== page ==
If the producers of "Airplane!" had gotten their original pick in casting the role of co-pilot Roger Murdock, we would've never heard the immortal line: "Tell your old man to drag Walton and Lanier up and down the court for 48 minutes."

The A.V. Club just published an oral history of "Airplane!", and one of the more interesting nuggets is that they wanted Pete Rose to play Murdock. But the job ended up going to Kareem Abdul-Jabbar, and the rest of cinematic history.

From The A.V. Club story:

David Zucker: "That was another lucky break that we got, because Kareem himself was not the first choice for that role. We actually wrote it for Pete Rose."

Jim Abrahams: "I'm not sure if Pete Rose actually accepted the role or not, or if we’d even gotten the green light from Paramount to use him. We may never have even sent him the script. I just know that we ended up having to film in August, so he was still in the middle of baseball season.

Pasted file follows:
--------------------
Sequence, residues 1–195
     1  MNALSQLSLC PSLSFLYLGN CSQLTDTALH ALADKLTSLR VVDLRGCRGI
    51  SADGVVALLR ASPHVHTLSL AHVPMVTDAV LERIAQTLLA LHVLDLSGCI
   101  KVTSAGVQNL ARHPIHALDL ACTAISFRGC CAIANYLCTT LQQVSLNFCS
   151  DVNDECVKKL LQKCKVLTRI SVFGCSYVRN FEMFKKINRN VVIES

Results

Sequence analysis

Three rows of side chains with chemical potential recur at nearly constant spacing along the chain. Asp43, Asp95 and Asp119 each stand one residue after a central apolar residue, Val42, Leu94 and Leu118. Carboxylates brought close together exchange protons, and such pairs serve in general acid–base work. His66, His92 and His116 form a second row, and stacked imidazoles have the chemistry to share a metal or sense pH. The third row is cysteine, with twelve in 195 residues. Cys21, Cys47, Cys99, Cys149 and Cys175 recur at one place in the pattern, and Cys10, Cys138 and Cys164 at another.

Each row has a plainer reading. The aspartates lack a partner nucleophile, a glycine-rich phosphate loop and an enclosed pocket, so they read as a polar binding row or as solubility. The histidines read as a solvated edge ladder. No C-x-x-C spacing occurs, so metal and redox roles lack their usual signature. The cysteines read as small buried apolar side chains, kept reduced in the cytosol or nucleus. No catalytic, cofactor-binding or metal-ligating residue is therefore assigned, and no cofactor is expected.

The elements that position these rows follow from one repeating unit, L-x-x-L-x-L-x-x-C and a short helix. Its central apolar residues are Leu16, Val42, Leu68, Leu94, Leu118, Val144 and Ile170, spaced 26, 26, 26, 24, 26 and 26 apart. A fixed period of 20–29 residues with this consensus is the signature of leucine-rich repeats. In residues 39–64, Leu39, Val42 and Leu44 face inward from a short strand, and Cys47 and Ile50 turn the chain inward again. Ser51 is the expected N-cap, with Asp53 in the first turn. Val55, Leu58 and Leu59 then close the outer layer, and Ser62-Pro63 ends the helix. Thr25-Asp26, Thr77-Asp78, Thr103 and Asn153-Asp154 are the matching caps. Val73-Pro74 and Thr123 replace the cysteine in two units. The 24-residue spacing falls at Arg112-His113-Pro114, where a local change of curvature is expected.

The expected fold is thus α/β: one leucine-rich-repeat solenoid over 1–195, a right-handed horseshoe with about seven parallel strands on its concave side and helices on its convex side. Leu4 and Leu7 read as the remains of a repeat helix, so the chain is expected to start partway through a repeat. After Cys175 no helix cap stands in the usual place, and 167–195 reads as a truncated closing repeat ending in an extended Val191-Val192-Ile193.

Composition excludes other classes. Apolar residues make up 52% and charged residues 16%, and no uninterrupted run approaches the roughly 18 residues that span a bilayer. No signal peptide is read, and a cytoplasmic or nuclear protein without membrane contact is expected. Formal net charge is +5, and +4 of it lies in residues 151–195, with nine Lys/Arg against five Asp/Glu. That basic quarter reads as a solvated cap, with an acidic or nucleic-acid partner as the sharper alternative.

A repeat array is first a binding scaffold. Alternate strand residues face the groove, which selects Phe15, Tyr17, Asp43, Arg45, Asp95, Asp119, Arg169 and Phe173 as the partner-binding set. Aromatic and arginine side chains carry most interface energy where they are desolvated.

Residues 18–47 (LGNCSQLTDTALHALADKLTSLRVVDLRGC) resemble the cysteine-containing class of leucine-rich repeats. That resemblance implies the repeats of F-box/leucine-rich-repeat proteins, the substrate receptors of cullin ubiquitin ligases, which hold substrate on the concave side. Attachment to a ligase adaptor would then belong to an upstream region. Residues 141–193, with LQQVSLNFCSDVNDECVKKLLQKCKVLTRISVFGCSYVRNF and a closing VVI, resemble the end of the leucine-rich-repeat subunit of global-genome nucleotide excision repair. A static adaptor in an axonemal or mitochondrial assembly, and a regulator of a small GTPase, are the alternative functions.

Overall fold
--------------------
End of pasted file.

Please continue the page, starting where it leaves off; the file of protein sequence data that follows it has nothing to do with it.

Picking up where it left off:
"I couldn’t even have told you if Kareem had even done any acting at that point, but he was fine. I mean, he couldn’t have been better in a million years as far as being what we were looking for. He wasn’t supposed to be able to act. [Laughs.] So that just played into it all the more. But he's a really bright, fascinating man. He’s the original Renaissance man and just a very interesting guy. Basketball never defined him, ever. Not even during his heyday. He was about a lot more stuff than just basketball."

Actually at the time that "Airplane!" was being filmed in 1979, Kareem had already been in the Bruce Lee movie "Game Of Death." After his "Airplane!" success, Kareem popped up a few years later in "Fletch."

The role of the pilot Ted Striker was played by actor Robert Hays, but among others considered were Bruce Jenner and David Letterman. Jenner was a household name at the time after his decathlon gold medal at the 1976 Olympics turned him into a commercial icon, notably with the Wheaties cereal box cover. Letterman was three years away from debuting his "Late Night With David Letterman" show on NBC.

(H/T: MLB Cut 4)

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